I have been musing this week about the deepening legal jeopardy in which Michael Cohen finds himself as President Trump’s “fixer” and how the lawyer has steadfastly continued to express loyalty to the President. Despite growing evidence that such allegiance will cost him dearly, Cohen is quite public about his fealty to Mr. Trump. While we might applaud loyalty as a personality trait as it manifests itself in attributes like patriotism, religious conviction and adherence to codes of conduct, we must ask when such unfathomable devotion shifts from a courageous, positive trait to a negative dynamic rife with destructive potential.
We might be prompted to ask: why? What motivates Cohen in his resolute defense of Donald Trump? The potential sacrifices to his future reputation and business dealings? His avowed willingness to “take a bullet” for the President? There has been much speculation about this in face-to-face discussions I’ve had in recent days and by commentators on the airwaves. While I am not so arrogant as to presume to know Cohen’s heart, one on-air comment struck me as particularly wise: being Trump’s fixer has been Cohen’s primary identity for more than a decade. This is who he believes himself to be. He will go to any length to maintain his identity, even at great cost. After all, without this credit to his name, who is he?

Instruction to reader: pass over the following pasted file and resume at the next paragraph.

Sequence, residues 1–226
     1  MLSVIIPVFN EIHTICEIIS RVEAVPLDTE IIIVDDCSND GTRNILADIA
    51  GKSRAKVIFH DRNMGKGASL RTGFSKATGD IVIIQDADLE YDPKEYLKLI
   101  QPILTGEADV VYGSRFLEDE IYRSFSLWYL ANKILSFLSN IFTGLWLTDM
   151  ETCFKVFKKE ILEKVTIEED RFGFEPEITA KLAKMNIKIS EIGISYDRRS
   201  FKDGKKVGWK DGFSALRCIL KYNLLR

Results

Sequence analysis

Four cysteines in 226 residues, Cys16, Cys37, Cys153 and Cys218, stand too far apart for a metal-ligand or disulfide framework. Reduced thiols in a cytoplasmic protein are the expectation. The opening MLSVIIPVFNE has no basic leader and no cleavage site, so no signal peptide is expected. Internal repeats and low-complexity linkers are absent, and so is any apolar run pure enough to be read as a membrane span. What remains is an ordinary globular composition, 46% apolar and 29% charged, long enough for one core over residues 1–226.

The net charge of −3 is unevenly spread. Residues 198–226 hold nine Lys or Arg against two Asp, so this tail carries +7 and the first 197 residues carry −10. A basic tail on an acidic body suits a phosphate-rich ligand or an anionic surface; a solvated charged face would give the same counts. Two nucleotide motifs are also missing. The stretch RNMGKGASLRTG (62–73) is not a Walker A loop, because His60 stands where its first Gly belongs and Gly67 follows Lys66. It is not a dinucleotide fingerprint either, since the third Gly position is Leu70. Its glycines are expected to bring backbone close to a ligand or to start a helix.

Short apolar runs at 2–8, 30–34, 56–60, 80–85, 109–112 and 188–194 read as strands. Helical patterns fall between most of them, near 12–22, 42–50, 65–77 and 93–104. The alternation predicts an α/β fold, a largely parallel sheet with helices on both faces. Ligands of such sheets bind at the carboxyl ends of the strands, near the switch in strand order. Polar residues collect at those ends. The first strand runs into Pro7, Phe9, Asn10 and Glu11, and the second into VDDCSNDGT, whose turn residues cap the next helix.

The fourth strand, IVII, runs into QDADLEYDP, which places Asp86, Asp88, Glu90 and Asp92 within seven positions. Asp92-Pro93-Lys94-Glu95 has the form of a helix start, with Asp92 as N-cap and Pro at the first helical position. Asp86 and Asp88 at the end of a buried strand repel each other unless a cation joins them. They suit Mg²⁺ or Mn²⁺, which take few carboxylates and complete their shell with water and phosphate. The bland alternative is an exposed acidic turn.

These events bring to mind a conference in Amsterdam I attended a few years ago. Intersections had been commissioned by the OSCE (the Organization for Security and Cooperation in Europe) to produce a curriculum for middle school students on combating anti-Muslim bigotry. We had done significant work on the role of identity in developing self-esteem; the idea of being part of a “tribe”—a religion, a nation, an ethnic group, etc.—was an important part of feeling fully human. We had also argued that when such identity calcified and became the singular defining element in one’s life that this attribute moved from positive to negative. This calcification made it easier to label those outside your tribe as “other,” an important ingredient in feeding Islamophobia, anti-Semitism and other bigotries.
At that conference, I learned how studies showed that the prospect of the death of one’s tribe was an emotionally shattering experience, evoking even a stronger psychological reaction than one’s own death. Cohen’s deeply held identity as part of the (shrinking) circle of President Trump’s confidants may be the motivation behind his unfathomable and unwavering loyalty, even in the midst of growing personal peril for him and his family.
The lesson for the rest of us is to be attentive to those historical, social and psychological factors that prompt our own fealties—patriotism, racial and religious identity, ethnic allegiance, political loyalties—and the need to weigh these motivations against broader ethical principles that supplement or counterbalance these belief systems. We must then undertake actions based on this equation, defining the limits of health and wholeness for ourselves, our families, the communities in which we live and the geopolitical dynamics that have become part of our daily diet and can so easily cloud our vision.
It is clear that Michael Cohen and others caught in the web of loyalty to Donald Trump have not yet reached that point. It will be interesting to see what happens if and when they do, how their actions will be interpreted by pundits and politicians and—as I would ask in my book—how they reconfigure their lives on the day after this realization, when they emerge “beyond the comma.”